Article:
Is it a peculiarly British thing?
There’s trainspotting, which I could understand when there were gleaming Thomas-style tank engines huffing and puffing and spitting out sparks. It’s harder to see the fascination in a dirty diesel with a serial number. But still they stand, men and boys (mostly), at the ends of station platforms, notebooks in hand, butties in bags and a flask of tea to keep out the chill.
But now we have lorry spotting. Have had for a while, in fact.
[I refuse, by the way, to call them trucks. I mean, who can’t twist their tongue around red truck yellow truck red truck yellow truck? It has to be lorry.]
It began with the Stobbies (though I’m sure a nerd somewhere will disagree – there seem to be 750,000 of them visiting lorryspotting.com).
Gleaming green and red machines rolling along the motorways. Eddie Stobart in large letters blazoned on the side and – to those in the know – the name of a woman, in small letters, on the front.
The tradition started with Eddie, who called his first ones after famous women – Twiggy, Dolly (Parton), Tammy (Wynette) and Suzi (Quatro) – but soon lorry drivers’ wives and other names joined the fleet.
Today Stobart is big business – as in BIG – trains, planes and refrigeration and crikey who knows what – but I admit there was a time when I was a bit hooked.
I was doing a lot of driving around as part of my job. A team of us was on the road doing presentations and community PR as part of – well, you don’t need to know that – but we started spotting Stobbies.
Soon one thing led to another and we bought membership of the spotters’ club – and a Corgi model of a lorry – for one lucky team member.
We never got into Nobbies – Norbert Dentressangle – the continental European rival. Which suggests none of us would have made serious lorry nerds.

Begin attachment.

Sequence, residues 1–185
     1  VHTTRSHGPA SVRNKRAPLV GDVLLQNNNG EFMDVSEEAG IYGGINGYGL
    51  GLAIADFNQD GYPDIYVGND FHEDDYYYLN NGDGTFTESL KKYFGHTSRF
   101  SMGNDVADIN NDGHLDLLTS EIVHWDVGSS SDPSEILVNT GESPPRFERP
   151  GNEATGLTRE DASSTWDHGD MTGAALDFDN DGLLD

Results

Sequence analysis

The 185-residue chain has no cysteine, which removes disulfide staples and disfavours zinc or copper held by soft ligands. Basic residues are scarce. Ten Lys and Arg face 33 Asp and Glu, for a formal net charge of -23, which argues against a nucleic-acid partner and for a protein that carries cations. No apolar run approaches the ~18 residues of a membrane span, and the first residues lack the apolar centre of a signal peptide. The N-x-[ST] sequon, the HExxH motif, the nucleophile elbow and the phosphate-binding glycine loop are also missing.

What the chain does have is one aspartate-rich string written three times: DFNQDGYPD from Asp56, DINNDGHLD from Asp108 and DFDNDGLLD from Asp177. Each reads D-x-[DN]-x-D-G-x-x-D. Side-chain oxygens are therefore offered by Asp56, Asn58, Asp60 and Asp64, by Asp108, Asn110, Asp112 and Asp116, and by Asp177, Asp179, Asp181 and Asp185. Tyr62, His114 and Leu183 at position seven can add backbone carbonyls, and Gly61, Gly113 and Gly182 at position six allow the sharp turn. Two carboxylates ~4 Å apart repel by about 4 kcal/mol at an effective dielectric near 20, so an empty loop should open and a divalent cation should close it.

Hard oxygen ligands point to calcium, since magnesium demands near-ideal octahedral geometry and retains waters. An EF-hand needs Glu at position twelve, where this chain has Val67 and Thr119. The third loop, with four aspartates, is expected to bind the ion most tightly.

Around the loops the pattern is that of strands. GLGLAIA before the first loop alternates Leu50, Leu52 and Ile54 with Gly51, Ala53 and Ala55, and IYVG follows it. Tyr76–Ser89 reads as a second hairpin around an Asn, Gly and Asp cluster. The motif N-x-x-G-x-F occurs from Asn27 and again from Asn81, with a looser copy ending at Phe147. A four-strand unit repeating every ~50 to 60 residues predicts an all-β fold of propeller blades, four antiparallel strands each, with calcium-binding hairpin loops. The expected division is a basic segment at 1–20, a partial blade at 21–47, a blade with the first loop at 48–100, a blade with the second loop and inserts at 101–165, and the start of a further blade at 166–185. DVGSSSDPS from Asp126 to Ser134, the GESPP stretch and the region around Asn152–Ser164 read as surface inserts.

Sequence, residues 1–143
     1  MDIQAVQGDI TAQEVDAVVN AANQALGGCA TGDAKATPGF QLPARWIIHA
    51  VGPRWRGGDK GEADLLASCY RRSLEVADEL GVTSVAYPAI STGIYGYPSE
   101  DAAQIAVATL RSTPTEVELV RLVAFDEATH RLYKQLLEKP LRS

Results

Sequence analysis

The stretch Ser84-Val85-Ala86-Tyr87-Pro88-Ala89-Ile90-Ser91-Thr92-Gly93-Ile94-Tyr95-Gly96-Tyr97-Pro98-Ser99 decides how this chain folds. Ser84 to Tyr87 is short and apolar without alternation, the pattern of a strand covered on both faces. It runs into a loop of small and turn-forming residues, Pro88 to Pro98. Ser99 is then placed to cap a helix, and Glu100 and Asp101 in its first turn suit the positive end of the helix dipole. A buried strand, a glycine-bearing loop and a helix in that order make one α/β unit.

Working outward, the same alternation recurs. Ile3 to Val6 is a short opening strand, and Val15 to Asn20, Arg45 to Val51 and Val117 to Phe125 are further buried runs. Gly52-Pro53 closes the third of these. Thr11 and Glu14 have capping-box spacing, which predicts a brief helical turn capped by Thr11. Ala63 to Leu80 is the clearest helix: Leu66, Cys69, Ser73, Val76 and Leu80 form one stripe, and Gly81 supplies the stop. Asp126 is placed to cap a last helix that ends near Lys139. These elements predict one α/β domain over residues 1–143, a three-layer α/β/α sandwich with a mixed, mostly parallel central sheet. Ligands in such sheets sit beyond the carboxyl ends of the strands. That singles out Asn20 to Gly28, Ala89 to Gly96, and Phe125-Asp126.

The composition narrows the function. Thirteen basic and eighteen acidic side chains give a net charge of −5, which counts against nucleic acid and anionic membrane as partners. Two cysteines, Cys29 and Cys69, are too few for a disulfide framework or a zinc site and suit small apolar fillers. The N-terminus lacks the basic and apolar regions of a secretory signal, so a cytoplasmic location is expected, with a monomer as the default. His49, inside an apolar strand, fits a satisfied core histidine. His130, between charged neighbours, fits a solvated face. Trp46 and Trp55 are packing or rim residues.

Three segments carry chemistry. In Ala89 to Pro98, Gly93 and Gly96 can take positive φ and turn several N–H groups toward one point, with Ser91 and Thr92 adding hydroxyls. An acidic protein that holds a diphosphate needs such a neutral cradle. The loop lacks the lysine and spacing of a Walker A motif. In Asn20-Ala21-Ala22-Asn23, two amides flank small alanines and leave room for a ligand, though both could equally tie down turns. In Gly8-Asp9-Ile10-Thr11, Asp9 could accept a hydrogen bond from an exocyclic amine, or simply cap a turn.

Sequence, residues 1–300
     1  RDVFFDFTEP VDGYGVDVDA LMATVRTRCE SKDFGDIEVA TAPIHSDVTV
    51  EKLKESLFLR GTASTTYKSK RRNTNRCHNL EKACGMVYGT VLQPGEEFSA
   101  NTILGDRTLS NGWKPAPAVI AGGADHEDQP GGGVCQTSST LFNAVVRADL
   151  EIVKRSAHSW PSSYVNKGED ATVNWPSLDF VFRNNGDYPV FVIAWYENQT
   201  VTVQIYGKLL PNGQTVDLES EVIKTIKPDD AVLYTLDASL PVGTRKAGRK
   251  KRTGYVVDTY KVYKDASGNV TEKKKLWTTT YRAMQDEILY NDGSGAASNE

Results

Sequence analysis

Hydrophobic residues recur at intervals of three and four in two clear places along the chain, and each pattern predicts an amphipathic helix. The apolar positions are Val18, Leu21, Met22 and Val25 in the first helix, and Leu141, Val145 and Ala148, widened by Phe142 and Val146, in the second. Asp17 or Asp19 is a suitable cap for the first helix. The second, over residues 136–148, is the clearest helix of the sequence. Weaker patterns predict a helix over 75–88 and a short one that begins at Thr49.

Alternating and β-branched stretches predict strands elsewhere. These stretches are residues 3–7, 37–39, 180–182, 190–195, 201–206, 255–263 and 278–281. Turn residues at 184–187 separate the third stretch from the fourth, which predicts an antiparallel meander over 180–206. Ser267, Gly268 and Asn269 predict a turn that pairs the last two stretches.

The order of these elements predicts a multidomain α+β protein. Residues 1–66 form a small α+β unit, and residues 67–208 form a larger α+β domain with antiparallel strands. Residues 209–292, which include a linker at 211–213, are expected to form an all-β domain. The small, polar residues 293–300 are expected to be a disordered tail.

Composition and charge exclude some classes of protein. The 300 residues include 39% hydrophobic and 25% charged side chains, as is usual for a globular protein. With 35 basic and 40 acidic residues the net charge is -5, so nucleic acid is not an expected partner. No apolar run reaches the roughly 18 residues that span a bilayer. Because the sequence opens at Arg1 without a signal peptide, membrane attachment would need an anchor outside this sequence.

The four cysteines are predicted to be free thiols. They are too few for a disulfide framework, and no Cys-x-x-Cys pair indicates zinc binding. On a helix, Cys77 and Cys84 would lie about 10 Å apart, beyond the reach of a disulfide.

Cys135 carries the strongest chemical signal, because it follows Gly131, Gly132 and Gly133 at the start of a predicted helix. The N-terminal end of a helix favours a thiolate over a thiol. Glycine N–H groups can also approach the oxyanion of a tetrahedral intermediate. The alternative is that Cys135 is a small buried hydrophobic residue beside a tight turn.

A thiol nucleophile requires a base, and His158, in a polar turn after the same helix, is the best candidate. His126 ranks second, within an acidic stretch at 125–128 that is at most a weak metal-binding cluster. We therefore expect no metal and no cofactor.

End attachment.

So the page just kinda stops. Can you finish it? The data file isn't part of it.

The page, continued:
And many years have passed since I stopped cricking my neck to see whose name was on the front of a passing Stobby.
But it all came flooding back this week on our holiday. We’re in the far north of Yorkshire, staying in a quiet village not far from a place called Potto.
I’ll confess, when I saw the Potto signpost I was actually excited. Because for years I’ve noticed the super-smart gleaming red-and-gold vehicles that bore the words, ‘Prestons of Potto’ on their doors. And wondered – where on earth is Potto?
Well, now I know. I also know that the company started with steam engines – not the railway kind, the traction kind.
It began, in 1936, as an agricultural contracting business set up by Richard Preston Senior. He used steam engines for threshing and wood sawing.
The transport business took off when they began delivering bricks during the Suez crisis of the 1950s. Diesel was in short supply so a Prestons’ traction engine – called Lightning II – hauled 20 tonnes of bricks between Darlington and Ampleforth, a distance of 28.6 miles, every day for 3 months. When diesel became readily available again Richard Preston bought a lorry so he could keep the contract – and thus the haulage company was founded.
I know that Anne Preston MBE and Richard Preston are Chairman (both of them it seems from their website) and that their gleaming lorries gleam just as much when they’re asleep in Potto as they do on the road.
Not only that, but the company has taken part in ‘Yorkshire in bloom’. And their offices are in the former Potto railway station. Where steam engines used to huff and puff.
I’m dangerously close to becoming a Prestons of Potto nerd. A Prestons of Potto spotter. But that carries with it a serious linguistic dilemma.
Pottie spotting? No, no.
Pressie spotting? Doesn’t sound right.
Tonny spotting? Hmm.
Maybe I’ll stick to birds.